A worthy companion to Mourid Barghouti’s like-minded I Saw Ramallah (p. 515).



A thoughtful journal, by a Palestinian human-rights activist and attorney, documenting the Israeli invasion of the West Bank in April 2002.

The reasons for that invasion were many, Shehadeh (Strangers in the House, 2002, etc.) acknowledges; they followed repeated episodes of illegal Israeli settlement in the “occupied territories” after the Oslo Accords and an attendant rise in the number of terror attacks on Israeli civilians—in particular, the bombing in March 2002 of a hotel in Netanya in which a wedding feast was being held, which resulted in 29 deaths and provided the Sharon government reason to send in the tanks. Shehadeh holds that the Oslo Accords were doomed to failure, for they allowed Israel to transfer responsibility for civilian affairs to the Palestinian Authority; at the same time, however, the intransigent Sharon regime took steps to keep the Authority from delivering services and imposed prolonged curfews and restrictions. Shehadeh writes affectingly of how the military occupation played out day by day in the once-thriving Palestinian city of Ramallah, where civilians now had to dodge military patrols, submit to house-to-house searches, and endure privation, many of them “stranded for days in buildings and shops without food, surviving on dried chickpeas that they soaked in water and ate.” For his part, Shehadeh writes, he spent much of that terrible month pacing back and forth, regarding himself as fortunate because he had a large house. A balanced and sensitive observer, Shehadeh condemns governments, not individuals; in one moving passage, he recounts that an Israeli soldier left a note for a neighbor after a particularly destructive search: “Sorry for the mess. I hope we meet in better times. Stay away from the windows.” Yet his anger at the Israeli government—and that of Yasir Arafat—is evident and constant, and supporters of either will likely take issue with many of his remarks.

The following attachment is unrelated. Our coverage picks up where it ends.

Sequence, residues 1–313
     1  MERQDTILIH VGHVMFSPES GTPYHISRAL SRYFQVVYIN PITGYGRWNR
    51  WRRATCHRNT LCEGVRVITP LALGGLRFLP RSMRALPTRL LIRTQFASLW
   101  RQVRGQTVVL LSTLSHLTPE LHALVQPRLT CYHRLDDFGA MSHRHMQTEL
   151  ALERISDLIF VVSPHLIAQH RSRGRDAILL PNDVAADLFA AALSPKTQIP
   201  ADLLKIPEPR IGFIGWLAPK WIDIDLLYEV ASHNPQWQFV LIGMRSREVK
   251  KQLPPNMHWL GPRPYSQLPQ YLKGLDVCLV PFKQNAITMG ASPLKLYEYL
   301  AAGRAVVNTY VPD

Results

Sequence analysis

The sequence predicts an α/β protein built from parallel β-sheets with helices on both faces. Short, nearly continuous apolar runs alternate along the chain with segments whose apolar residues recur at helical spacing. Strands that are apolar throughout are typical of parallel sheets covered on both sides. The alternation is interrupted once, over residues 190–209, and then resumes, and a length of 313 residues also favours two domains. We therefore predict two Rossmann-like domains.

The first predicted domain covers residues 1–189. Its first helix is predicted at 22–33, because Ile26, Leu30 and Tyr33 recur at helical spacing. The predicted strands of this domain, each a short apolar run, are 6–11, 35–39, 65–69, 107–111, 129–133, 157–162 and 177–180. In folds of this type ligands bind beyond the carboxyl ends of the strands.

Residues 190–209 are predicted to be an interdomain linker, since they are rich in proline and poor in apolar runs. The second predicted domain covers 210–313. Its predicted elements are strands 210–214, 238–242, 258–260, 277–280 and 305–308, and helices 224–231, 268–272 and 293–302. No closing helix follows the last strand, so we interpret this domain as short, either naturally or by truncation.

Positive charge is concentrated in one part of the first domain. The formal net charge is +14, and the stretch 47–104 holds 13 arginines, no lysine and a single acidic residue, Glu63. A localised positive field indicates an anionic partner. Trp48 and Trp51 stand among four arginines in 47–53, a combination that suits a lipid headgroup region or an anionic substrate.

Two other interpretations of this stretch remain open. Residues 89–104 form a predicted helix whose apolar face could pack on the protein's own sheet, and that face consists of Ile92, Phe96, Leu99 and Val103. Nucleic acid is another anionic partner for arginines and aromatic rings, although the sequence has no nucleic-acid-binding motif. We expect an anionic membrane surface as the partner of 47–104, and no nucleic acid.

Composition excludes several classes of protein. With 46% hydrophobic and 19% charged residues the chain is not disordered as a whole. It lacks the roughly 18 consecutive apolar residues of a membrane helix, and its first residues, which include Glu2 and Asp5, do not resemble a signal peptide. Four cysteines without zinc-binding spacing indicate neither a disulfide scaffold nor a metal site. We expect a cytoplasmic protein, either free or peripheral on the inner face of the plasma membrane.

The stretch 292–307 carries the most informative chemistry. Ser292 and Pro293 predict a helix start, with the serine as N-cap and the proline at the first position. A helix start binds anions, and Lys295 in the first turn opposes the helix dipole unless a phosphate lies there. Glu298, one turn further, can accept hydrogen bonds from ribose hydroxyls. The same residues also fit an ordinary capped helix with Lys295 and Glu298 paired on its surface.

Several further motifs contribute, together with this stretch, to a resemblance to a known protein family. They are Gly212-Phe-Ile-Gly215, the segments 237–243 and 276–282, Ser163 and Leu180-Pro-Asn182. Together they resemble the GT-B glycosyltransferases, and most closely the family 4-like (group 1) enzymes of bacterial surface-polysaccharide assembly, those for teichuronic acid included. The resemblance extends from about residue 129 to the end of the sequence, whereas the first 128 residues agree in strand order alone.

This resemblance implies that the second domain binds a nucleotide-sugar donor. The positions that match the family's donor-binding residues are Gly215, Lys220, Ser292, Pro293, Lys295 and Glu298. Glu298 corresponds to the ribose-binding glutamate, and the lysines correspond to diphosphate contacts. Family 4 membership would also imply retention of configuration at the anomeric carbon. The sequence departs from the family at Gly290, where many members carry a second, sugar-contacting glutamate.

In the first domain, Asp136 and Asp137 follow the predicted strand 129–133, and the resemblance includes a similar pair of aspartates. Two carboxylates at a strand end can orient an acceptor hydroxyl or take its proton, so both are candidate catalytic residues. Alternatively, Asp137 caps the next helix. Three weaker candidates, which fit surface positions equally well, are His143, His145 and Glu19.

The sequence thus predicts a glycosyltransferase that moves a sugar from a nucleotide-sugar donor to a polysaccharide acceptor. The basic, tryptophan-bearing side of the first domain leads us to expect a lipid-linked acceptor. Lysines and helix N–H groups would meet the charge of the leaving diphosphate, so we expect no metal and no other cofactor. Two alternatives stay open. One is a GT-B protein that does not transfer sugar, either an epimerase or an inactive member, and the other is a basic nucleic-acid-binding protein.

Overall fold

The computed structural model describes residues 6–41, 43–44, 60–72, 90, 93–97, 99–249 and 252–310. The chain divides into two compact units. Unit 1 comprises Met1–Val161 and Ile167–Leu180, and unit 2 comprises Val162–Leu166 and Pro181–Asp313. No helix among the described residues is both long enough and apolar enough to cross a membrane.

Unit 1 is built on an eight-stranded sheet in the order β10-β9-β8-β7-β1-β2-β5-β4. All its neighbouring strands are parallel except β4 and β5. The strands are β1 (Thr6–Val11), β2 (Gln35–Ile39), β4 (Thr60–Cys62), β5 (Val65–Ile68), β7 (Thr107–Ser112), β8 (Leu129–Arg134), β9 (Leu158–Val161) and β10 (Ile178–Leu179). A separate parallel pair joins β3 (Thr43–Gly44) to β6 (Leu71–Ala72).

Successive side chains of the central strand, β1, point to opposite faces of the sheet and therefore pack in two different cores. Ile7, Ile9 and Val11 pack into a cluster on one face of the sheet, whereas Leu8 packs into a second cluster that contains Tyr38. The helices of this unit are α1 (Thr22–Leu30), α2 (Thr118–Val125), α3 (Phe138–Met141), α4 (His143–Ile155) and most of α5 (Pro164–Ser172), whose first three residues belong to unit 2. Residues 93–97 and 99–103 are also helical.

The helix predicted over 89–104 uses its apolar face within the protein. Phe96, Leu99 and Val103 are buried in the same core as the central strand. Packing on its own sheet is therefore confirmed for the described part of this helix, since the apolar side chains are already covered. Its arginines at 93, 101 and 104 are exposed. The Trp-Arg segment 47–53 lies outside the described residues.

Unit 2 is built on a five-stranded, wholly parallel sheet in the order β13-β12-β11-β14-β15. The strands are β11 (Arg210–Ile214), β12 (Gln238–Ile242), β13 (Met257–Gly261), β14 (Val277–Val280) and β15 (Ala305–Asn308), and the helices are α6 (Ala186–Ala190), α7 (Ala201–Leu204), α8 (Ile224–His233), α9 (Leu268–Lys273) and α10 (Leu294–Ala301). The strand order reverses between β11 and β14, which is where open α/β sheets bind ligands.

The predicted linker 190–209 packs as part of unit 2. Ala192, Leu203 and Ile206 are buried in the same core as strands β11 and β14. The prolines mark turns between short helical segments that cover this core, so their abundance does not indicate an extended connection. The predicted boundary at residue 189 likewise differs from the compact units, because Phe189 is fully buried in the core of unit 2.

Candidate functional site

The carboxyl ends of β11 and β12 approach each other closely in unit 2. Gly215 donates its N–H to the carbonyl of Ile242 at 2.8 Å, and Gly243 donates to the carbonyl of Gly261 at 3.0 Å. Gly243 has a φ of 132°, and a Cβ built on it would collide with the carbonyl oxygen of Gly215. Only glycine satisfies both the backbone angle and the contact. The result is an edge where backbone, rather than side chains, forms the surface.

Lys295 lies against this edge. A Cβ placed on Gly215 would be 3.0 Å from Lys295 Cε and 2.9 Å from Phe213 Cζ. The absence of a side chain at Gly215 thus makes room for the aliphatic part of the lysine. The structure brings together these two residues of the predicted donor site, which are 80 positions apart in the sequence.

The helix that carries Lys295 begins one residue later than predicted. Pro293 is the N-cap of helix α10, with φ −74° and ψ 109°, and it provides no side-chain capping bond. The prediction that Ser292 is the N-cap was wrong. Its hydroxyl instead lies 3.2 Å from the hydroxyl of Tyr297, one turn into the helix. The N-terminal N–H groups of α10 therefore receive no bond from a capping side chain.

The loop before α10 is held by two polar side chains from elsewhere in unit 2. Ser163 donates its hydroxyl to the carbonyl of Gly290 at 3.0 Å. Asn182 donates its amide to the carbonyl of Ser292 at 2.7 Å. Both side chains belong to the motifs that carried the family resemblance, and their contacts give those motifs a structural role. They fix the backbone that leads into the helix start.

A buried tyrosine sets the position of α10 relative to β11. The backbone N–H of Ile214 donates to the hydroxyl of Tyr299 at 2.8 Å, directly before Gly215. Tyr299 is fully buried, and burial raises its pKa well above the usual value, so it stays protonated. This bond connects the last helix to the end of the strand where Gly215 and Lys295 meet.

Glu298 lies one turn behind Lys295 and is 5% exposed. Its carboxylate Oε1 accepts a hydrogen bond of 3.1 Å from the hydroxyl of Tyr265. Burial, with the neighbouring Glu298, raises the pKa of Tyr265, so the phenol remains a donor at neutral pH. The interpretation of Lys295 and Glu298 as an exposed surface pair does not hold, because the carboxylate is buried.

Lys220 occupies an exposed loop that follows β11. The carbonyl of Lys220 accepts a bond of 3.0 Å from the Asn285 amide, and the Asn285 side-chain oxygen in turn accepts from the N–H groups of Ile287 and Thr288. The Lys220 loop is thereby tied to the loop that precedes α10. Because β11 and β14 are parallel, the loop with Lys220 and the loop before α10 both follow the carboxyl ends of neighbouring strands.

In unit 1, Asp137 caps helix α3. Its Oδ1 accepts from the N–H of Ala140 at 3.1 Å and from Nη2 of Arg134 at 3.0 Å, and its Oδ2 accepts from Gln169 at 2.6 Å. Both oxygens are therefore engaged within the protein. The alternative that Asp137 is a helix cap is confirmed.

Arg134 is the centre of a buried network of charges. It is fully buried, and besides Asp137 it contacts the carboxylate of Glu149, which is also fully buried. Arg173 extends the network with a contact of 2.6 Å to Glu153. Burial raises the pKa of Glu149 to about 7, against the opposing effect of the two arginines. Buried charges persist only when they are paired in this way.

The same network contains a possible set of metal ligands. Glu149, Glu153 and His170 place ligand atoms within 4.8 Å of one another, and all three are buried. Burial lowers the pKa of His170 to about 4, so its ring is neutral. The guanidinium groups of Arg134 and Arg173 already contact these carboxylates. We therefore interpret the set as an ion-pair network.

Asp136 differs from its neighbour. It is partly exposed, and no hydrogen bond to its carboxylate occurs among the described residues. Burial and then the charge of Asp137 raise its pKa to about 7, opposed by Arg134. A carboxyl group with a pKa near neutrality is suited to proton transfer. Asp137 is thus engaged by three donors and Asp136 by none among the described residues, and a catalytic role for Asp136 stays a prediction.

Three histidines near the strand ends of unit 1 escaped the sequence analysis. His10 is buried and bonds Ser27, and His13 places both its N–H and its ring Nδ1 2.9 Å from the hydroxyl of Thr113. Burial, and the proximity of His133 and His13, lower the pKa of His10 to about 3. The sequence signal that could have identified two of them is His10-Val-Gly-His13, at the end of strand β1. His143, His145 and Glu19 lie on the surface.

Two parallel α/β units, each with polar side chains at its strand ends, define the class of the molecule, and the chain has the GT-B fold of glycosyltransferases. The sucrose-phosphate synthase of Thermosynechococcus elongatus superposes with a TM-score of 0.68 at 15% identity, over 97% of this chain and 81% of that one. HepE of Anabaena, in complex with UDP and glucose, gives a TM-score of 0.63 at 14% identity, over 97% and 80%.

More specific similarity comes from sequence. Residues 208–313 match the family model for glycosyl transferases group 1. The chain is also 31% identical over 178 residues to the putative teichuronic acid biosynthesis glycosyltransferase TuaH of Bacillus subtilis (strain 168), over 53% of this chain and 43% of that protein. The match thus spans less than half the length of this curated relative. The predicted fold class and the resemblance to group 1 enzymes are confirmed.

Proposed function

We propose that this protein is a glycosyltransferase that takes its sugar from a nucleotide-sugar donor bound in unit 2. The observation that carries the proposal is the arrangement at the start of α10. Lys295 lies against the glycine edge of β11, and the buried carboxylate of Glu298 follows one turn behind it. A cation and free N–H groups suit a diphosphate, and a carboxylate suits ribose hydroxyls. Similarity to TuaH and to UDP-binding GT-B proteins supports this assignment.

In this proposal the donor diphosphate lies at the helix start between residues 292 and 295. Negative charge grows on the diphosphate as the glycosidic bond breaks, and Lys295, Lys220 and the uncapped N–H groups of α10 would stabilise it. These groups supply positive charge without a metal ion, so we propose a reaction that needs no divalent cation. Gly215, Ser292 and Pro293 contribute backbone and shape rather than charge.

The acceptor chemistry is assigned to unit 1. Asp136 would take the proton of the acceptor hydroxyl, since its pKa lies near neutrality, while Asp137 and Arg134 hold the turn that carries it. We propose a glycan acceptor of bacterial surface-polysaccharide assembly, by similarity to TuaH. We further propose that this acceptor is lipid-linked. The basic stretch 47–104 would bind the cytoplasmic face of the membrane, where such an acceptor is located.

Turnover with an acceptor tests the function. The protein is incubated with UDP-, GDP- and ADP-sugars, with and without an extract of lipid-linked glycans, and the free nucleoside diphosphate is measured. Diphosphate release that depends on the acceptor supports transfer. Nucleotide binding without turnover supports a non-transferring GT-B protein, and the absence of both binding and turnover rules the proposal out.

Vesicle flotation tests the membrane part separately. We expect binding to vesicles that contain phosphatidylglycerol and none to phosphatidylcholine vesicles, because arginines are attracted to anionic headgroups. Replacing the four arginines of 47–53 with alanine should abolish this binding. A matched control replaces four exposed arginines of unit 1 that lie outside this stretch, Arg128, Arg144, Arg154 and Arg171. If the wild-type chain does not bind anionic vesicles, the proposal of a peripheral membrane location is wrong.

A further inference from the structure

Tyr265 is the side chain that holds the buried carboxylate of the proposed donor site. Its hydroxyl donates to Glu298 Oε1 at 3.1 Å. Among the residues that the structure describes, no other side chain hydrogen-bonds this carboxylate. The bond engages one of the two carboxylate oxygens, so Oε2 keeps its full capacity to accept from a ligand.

A worthy companion to Mourid Barghouti’s like-minded I Saw Ramallah (p. 515).

Pub Date: Sept. 1, 2003

ISBN: 1-58642-069-0

Page Count: 160

Publisher: Steerforth

Review Posted Online: May 20, 2010

Kirkus Reviews Issue: June 15, 2003

Did you like this book?

No Comments Yet

The author's youthfulness helps to assure the inevitable comparison with the Anne Frank diary although over and above the...


Elie Wiesel spent his early years in a small Transylvanian town as one of four children. 

He was the only one of the family to survive what Francois Maurois, in his introduction, calls the "human holocaust" of the persecution of the Jews, which began with the restrictions, the singularization of the yellow star, the enclosure within the ghetto, and went on to the mass deportations to the ovens of Auschwitz and Buchenwald. There are unforgettable and horrifying scenes here in this spare and sombre memoir of this experience of the hanging of a child, of his first farewell with his father who leaves him an inheritance of a knife and a spoon, and of his last goodbye at Buchenwald his father's corpse is already cold let alone the long months of survival under unconscionable conditions. 

The author's youthfulness helps to assure the inevitable comparison with the Anne Frank diary although over and above the sphere of suffering shared, and in this case extended to the death march itself, there is no spiritual or emotional legacy here to offset any reader reluctance.

Pub Date: Jan. 16, 2006

ISBN: 0374500010

Page Count: 120

Publisher: Hill & Wang

Review Posted Online: Oct. 7, 2011

Kirkus Reviews Issue: Jan. 15, 2006

Did you like this book?


For Howard Zinn, long-time civil rights and anti-war activist, history and ideology have a lot in common. Since he thinks that everything is in someone's interest, the historian—Zinn posits—has to figure out whose interests he or she is defining/defending/reconstructing (hence one of his previous books, The Politics of History). Zinn has no doubts about where he stands in this "people's history": "it is a history disrespectful of governments and respectful of people's movements of resistance." So what we get here, instead of the usual survey of wars, presidents, and institutions, is a survey of the usual rebellions, strikes, and protest movements. Zinn starts out by depicting the arrival of Columbus in North America from the standpoint of the Indians (which amounts to their standpoint as constructed from the observations of the Europeans); and, after easily establishing the cultural disharmony that ensued, he goes on to the importation of slaves into the colonies. Add the laborers and indentured servants that followed, plus women and later immigrants, and you have Zinn's amorphous constituency. To hear Zinn tell it, all anyone did in America at any time was to oppress or be oppressed; and so he obscures as much as his hated mainstream historical foes do—only in Zinn's case there is that absurd presumption that virtually everything that came to pass was the work of ruling-class planning: this amounts to one great indictment for conspiracy. Despite surface similarities, this is not a social history, since we get no sense of the fabric of life. Instead of negating the one-sided histories he detests, Zinn has merely reversed the image; the distortion remains.

Pub Date: Jan. 1, 1979

ISBN: 0061965588

Page Count: 772

Publisher: Harper & Row

Review Posted Online: May 26, 2012

Kirkus Reviews Issue: Jan. 1, 1979

Did you like this book?